Mark J. Landau, Ph.D.
is an associate professor of psychology at the University of Kansas.
Mark received his B.A. from Skidmore College, where he became very interested in the fusion of experimental psychology and existential philosophy. He continued his research and education at the University of Colorado, Colorado Springs, and then at the University of Arizona, where he received his Ph.D. in 2007. Mark’s research explores how existential motives influence social perceptions and behavior, and how people use conceptual metaphors to construct meaning. He has received a number of awards recognizing his research, including the Theoretical Innovation Prize from the Society for Personality and Social Psychology and the Outstanding Early Career Award from the International Society for Self and Identity. Mark has taught social psychology for over 14 years. He enjoys showing students that research, much like an inspiring novel or movie, affirms our common humanity—reminding us that we are not alone in our strivings, insecurities, and foibles—and thereby sharpens our ethical awareness.
Social Psychology: The Science of Everyday Life
Since our own days as undergrads, we’ve been excited by how the science of social psychology helps us understand everyday life. Our goal in this book is to generate this same kind of excitement for a new generation of students. How? By presenting the best, brightest, and most current ideas and findings the field has to offer in a conceptually coherent and lively narrative. We want students to appreciate that social psychology is, first and foremost, the science of all of us. And so we have aimed to write a book that all students, regardless of their backgrounds, social identities, and career interests, will find enriching and enjoyable.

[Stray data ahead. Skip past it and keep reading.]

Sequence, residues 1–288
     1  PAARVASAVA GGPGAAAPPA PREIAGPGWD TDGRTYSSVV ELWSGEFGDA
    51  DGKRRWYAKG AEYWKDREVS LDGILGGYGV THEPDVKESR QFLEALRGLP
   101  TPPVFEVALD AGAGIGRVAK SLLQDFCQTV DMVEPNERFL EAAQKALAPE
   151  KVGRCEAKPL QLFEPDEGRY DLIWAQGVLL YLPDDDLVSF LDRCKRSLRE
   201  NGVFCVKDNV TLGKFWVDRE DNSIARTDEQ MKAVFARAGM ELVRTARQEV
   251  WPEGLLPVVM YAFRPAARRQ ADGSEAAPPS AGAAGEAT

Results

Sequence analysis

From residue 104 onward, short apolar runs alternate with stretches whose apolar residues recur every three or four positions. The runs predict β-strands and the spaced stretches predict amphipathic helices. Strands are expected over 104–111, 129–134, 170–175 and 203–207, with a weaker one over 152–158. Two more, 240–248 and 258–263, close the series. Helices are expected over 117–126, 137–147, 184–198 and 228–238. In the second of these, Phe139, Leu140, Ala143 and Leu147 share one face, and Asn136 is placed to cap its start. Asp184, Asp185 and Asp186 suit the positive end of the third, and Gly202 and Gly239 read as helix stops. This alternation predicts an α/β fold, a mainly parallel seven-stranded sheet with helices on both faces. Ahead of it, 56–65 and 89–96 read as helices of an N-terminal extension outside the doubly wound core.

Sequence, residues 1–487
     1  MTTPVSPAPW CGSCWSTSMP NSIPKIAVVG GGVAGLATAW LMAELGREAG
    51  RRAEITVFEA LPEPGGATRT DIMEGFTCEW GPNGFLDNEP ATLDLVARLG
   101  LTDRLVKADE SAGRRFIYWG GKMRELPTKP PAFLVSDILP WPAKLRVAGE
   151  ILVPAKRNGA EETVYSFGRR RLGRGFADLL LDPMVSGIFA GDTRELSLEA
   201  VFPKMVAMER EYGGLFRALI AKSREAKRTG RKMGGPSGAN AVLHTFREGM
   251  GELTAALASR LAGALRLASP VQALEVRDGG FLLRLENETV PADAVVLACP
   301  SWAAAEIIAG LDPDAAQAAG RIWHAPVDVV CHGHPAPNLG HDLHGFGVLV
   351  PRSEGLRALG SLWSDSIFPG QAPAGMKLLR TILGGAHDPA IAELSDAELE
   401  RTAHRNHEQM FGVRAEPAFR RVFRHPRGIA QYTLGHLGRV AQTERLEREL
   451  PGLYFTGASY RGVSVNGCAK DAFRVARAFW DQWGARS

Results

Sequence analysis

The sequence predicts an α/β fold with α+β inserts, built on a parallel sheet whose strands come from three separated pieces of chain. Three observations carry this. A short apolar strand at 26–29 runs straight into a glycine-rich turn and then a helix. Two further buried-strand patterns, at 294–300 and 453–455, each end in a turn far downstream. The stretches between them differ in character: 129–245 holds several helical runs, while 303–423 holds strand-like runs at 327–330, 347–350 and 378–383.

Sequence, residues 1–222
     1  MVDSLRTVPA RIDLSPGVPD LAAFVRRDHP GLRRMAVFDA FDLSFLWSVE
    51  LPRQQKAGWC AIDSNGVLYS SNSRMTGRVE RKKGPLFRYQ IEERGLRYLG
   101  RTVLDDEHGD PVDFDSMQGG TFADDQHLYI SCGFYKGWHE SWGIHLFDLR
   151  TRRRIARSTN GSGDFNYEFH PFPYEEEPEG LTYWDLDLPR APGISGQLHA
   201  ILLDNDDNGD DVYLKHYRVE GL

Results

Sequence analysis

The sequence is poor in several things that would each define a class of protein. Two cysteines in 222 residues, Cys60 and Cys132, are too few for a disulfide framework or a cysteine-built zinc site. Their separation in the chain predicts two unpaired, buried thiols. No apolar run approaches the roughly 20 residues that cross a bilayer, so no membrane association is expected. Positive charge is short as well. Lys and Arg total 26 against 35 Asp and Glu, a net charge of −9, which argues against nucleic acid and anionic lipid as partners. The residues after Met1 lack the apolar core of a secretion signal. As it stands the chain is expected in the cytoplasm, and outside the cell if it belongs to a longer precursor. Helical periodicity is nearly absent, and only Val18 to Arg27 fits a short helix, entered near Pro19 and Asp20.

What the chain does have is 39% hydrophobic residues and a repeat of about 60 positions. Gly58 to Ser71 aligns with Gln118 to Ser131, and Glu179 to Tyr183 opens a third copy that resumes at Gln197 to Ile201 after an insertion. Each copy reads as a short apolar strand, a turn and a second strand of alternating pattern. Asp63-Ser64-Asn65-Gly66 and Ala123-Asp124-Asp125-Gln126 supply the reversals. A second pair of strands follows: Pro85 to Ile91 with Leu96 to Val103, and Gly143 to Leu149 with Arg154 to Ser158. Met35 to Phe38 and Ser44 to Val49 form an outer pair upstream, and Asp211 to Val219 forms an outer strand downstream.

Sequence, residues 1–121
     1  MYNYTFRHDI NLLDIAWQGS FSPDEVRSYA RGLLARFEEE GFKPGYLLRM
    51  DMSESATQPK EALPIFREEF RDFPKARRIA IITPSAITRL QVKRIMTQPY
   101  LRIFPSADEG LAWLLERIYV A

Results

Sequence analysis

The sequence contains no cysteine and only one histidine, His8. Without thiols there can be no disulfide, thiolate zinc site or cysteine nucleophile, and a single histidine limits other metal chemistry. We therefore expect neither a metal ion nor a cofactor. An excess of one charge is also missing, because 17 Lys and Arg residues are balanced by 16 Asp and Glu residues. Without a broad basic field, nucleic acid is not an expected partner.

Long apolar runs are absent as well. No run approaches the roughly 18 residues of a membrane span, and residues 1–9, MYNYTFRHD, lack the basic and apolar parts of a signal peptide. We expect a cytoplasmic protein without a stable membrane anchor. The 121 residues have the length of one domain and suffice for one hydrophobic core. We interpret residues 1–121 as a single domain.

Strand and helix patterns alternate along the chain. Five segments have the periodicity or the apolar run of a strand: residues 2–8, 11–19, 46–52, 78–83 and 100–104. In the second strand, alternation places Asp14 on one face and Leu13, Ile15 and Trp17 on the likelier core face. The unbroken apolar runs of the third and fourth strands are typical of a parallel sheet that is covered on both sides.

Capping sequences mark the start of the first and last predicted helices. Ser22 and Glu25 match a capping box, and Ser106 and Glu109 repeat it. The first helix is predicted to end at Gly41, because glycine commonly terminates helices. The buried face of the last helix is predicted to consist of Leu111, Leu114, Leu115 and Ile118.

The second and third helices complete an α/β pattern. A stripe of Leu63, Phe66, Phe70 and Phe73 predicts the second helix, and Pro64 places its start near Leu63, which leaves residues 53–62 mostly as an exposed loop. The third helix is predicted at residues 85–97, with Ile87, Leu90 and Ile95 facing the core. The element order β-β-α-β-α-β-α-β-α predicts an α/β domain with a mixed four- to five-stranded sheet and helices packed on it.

There’s only one good reason to spend many years bringing a new social psych text into the world: to present the field’s body of knowledge in a more compelling and appealing way than any of the texts that arc currently available.
We have tried to do this primarily through a lot of hard work, digging into literatures both from within the traditional bounds of the field and from related disciplines, thinking creatively, staying abreast of the latest developments, and discussing and debating what to present and how best to do it. Indeed, every chapter involved a close collaboration among the four of us, resulting in a consistent voice that conveys our collective knowledge, experience, and insight.
CHAPTER 1 The Revealing Science of Social Psychology
CHAPTER 2 Fundamentals of Social Behavior
CHAPTER 3 The Core Elements of Social Cognition
CHAPTER 4 Thinking About People and Events
CHAPTER 5 The Nature, Origins, and Functions of the Self
CHAPTER 6 The Key Self-motives: Consistency, Esteem, Presentation, and Growth
CHAPTER 7 Social Influence
CHAPTER 8 Persuasion, Attitudes, and Behavior
CHAPTER 9 Group Processes
CHAPTER 10 Understanding Prejudice, Stereotyping, and Discrimination
CHAPTER 11 Responding to and Reducing Prejudice
CHAPTER 12 Interpersonal Aggression
CHAPTER 13 Prosocial Behavior
CHAPTER 14 Interpersonal Attraction
CHAPTER 15 Close Relationships